27 September 2010

Research Diary: Weaverthorpe, Yorkshire

This post is a report on how my research on ETHELLs and GRICEs of my last First Friday Folder post is going.  Ah, the unexpected things I learn....

Having reviewed my folder on great-great-great-grandparents Joseph Ethell & Rachel Grice, and feeling well-prepared for my research, I arrived at the local Family History Center and set myself up at a microfilm reader.  My goal was Item 3 of FHL # 990,896: Bishop's Transcripts for Weaverthorpe, 1631-1852, Church of England, Parish Church of Weaverthorpe in Yorkshire, England.  My first thought was 'How inconvenient that I'm going to have to scroll through 2 whole items to get to the one I need, drat!'

I am still compulsive enough that I at least write down the title of every item on a film and annotate my notes about whether or not I read an item.  First, I wrote down the film number and what my general goal was: birth and marriage data on Joseph, Rachel, and their children.  Then, I wrote out the title entry for Item 1 and my note that I was not reading this one at all: whoever even heard of 'Helperthorpe'?  I need Weaverthorpe and so there.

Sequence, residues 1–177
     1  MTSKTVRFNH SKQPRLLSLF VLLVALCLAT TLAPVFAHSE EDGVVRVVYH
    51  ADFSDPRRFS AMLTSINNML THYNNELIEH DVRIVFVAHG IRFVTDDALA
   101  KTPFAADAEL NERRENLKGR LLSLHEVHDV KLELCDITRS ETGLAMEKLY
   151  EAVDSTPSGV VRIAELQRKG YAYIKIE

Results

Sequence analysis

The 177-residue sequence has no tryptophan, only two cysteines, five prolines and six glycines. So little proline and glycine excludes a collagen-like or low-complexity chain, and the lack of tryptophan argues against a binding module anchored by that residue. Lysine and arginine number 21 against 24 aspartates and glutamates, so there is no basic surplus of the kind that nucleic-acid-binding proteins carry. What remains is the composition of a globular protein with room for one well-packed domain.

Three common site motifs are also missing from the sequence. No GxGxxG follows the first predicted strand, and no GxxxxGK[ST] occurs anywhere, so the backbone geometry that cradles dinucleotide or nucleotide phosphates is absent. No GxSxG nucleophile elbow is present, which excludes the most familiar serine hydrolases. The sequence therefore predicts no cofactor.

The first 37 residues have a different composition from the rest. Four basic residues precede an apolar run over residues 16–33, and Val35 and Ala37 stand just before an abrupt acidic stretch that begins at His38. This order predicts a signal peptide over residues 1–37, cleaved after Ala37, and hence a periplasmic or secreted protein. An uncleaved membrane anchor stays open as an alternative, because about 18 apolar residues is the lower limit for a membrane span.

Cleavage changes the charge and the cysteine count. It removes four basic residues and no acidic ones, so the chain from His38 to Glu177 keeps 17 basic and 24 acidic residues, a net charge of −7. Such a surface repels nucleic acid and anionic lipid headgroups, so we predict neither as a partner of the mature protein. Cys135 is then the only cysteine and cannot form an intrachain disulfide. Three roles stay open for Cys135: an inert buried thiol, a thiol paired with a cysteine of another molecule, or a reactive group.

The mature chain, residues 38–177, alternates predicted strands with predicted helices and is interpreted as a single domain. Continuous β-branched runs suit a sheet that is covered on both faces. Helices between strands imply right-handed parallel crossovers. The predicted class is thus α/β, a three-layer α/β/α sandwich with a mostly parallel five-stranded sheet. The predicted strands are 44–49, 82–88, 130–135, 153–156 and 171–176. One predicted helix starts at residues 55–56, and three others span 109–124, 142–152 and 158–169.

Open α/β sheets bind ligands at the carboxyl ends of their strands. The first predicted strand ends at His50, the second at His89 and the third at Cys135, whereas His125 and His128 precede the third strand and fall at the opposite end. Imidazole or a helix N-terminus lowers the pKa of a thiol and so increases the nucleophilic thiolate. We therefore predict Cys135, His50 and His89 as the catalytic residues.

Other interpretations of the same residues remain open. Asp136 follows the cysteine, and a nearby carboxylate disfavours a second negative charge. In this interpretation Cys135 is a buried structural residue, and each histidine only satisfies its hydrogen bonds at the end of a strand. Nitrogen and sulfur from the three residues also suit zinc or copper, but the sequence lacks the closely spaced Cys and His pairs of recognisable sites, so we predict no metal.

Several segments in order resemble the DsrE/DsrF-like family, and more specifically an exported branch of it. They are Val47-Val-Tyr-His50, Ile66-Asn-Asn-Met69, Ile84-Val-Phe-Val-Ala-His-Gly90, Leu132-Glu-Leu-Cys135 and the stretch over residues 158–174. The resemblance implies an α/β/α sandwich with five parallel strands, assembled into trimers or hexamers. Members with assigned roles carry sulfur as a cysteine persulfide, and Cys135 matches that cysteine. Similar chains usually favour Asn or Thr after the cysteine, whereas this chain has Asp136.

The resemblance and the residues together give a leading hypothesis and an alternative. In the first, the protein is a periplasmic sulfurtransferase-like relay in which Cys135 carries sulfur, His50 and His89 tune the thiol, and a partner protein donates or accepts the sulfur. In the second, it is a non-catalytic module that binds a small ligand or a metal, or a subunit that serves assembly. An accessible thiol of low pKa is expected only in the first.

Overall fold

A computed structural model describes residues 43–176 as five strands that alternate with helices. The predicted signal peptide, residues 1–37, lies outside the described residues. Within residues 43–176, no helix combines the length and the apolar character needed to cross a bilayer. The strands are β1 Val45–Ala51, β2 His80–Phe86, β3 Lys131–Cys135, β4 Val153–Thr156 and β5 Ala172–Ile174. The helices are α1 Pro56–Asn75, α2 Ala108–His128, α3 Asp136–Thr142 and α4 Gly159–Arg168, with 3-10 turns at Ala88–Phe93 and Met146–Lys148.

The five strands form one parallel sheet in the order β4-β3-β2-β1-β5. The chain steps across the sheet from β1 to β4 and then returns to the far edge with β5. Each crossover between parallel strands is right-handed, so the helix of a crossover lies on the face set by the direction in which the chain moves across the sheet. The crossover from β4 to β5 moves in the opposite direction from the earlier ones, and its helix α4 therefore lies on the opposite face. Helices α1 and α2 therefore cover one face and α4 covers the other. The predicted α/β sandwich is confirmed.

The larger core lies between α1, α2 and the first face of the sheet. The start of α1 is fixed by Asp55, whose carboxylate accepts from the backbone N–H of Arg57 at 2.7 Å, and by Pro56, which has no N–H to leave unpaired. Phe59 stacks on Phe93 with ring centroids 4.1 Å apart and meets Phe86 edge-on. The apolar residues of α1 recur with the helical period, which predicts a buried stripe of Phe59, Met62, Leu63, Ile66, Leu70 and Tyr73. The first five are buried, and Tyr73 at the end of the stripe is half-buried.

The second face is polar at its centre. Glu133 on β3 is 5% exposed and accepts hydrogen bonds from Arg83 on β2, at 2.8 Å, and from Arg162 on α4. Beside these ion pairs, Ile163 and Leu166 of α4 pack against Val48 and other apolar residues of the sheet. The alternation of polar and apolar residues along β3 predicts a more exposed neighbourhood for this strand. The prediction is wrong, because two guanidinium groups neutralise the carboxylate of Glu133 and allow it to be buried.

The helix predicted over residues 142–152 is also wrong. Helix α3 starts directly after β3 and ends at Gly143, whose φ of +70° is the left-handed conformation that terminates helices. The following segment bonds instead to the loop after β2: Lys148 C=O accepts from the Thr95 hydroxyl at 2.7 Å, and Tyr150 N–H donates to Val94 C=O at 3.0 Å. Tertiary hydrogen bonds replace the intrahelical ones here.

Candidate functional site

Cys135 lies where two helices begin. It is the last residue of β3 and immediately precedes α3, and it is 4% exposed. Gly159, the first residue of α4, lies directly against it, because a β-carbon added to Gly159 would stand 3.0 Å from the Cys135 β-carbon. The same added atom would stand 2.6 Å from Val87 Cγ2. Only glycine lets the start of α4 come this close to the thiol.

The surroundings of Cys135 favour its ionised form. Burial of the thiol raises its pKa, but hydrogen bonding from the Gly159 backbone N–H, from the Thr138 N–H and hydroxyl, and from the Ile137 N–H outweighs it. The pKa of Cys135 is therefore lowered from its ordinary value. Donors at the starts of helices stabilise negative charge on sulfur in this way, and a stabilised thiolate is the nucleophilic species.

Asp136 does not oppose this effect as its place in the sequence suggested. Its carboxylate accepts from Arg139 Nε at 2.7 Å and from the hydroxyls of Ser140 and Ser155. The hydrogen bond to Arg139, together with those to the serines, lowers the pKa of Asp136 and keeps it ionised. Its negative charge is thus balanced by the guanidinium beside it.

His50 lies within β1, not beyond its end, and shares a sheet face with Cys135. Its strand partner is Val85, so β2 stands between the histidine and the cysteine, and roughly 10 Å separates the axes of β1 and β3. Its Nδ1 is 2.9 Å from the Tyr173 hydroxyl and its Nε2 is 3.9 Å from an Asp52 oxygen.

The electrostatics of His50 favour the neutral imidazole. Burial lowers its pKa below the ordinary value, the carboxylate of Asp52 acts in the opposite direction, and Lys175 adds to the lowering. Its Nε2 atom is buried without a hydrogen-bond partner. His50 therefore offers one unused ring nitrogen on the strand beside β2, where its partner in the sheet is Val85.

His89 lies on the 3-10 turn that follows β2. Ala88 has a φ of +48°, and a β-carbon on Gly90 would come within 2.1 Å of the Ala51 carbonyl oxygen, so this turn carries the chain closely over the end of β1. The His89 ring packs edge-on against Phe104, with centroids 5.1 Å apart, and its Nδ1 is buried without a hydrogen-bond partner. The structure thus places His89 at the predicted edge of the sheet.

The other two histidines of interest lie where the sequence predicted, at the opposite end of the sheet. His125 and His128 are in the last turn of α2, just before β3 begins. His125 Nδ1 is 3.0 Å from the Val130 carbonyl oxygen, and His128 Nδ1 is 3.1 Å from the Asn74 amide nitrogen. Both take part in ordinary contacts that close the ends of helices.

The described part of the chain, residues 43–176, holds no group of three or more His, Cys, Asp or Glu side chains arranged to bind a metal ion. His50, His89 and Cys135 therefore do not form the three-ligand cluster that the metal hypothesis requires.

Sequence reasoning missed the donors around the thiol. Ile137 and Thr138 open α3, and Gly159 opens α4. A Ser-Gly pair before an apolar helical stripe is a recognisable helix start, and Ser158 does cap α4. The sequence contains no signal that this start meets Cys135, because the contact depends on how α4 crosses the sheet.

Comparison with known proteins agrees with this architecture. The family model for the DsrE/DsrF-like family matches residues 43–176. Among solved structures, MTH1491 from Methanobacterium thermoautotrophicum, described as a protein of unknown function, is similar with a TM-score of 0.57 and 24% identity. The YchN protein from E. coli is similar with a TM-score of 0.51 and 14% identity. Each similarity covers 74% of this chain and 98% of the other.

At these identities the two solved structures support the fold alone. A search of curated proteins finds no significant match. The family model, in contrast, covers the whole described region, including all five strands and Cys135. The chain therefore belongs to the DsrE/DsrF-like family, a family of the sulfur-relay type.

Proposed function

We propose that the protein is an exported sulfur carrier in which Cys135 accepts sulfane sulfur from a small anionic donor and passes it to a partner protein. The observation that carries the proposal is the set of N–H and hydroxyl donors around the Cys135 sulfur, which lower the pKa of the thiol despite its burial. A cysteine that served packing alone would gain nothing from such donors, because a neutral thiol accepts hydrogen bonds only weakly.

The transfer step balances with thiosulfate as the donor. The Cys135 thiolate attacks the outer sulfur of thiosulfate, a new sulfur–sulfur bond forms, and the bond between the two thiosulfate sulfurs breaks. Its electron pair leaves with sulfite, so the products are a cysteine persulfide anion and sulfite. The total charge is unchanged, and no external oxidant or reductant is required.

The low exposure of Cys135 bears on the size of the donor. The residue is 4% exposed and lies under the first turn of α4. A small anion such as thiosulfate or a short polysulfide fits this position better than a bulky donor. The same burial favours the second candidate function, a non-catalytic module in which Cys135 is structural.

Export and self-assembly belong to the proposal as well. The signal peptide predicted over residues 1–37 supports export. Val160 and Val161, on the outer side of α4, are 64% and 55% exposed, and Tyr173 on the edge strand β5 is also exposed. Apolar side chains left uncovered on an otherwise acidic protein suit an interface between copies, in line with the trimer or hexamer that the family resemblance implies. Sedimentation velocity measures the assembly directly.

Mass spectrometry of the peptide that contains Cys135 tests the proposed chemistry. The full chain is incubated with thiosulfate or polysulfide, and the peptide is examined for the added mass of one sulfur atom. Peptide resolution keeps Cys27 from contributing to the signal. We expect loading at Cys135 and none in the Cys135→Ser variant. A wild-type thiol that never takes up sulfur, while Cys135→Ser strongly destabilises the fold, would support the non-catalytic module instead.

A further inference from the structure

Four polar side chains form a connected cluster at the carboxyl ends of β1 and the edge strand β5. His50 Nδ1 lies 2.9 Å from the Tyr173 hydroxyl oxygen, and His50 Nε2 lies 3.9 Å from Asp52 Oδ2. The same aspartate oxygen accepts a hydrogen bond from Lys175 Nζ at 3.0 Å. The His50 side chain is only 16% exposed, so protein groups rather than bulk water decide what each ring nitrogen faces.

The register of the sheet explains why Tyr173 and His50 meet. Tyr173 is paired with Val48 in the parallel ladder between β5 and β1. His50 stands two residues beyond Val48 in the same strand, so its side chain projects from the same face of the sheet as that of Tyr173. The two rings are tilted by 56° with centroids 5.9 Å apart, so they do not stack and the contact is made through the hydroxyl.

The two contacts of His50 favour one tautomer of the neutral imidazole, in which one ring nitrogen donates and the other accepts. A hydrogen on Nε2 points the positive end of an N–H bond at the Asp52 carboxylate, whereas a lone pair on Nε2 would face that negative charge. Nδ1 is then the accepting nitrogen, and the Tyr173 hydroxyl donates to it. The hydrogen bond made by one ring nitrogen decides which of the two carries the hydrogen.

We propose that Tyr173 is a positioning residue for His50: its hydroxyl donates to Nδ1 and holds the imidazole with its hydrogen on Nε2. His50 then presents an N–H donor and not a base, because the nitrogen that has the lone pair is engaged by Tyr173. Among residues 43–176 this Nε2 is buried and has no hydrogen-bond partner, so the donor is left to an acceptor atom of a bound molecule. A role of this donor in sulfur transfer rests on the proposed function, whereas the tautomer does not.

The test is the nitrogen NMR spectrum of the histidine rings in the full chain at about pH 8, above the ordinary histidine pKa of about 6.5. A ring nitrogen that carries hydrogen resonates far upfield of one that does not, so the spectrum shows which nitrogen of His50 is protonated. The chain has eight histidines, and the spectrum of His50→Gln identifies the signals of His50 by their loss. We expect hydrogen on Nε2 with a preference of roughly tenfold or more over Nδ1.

But the compulsive me, while rapidly scrolling through Item1 on my to Item 3, did a random stop and read one page.   And, there was a GRICE!  This is not a super common surname so I figured I'd better check this out before I went any further.  I ran Google maps on one of the FHC's computers and found that, wonder of all wonders, Helperthorpe is only 0.8 mile from Weaverthorpe! 

I had broken one of the cardinal laws of genealogy: know your geography before you do serious research!  Fortunately, the Genealogy Elf had given me a GRICE on my random stop.  Otherwise, I probably would have sent the film back to Salt Lake without knowing what I had in my hands.

Quickly reading backwards just 3 pages from my random stop yielded 4 more GRICEs, but the year was much to early to be of use to me now, so I went forward to an intermediate section title page which said "Helperthorpe -- 1790-1807, 1802, 1809-1812." As 1790 was where I had decided I would focus my reading in Weaverthorpe, this seemed like a good place to start my notetaking for Helperthorpe.  I saw that Helperthorpe must be a pretty small place because there were only 3 baptisms and no marriages nor burials for the entire year from Lady Day 1790 to Lady Day 1791.  I also found a notation for one year specifying that the marriages and burials for that year were recorded at Weaverthorpe.  So, clearly, these two locations are linked and I must consider them both in my ETHELL / GRICE quest.

I read through to 1850 in Helperthorpe and found 15 GRICE entries (including 3 children of a Wilson/Grice couple.  I can't yet connect any of these to my lines, but I've just begun!